While the number of coal mines has decreased, there has been an upsurge in activity in the metal and nonmetal mining industry, especially in the crushed stone and sand and gravel sectors that supply the construction industry. There appear to be a number of reasons for this increase. For instance, the Transportation Equity Act provided funding for a significant number of new highway construction projects. Reduced interest rates have put home ownership within the reach of many citizens who otherwise would not have been able to afford to own their own home. Housing starts are up to meet this demand. These factors and others have resulted in the number of metal and nonmetal mines and miners steadily increasing over the past several years to meet the demand for construction materials and other products. In response to this increase, over time, we have been increasing the number of staff assigned to the metal and nonmetal program.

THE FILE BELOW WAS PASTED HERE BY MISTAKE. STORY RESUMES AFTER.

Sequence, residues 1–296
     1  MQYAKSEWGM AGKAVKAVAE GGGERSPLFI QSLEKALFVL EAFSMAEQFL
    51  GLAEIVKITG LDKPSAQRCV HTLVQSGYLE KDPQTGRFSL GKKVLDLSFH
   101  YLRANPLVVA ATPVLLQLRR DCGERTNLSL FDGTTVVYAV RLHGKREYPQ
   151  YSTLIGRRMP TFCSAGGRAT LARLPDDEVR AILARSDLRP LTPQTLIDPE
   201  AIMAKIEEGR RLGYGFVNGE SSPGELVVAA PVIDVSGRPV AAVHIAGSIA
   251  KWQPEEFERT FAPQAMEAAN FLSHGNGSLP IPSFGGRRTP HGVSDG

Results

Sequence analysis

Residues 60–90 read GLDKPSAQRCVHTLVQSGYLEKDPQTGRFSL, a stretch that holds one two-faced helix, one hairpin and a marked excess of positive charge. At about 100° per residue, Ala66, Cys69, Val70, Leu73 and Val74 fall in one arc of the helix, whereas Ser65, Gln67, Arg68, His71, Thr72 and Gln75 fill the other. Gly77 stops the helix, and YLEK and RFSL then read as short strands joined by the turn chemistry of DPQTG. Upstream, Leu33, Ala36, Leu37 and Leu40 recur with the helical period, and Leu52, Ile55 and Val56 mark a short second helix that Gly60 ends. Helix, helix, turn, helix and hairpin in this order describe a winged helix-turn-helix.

We recognize that we have had less success in completing the mandatory number of inspections in this industry than in the coal industry. Not only has there been an increase in the number of mines, the increase has been mostly in the aggregate industry, which has always been seasonal in nature. Completing mandatory inspections at seasonal mines is difficult. For example, a rock crushing operation may open to build a portion of a road. The operation would then be counted as a mine and we would schedule an inspection. However, when we arrive to make the inspection, that portion of the road may have been completed and the operation shut down. On paper, we have failed to conduct a mandatory inspection. In spite of the problem with seasonal mines, we hope to improve the inspection completion rate in FY 2003. The budget requests increasing the number of FTE assigned to the metal and nonmetal program.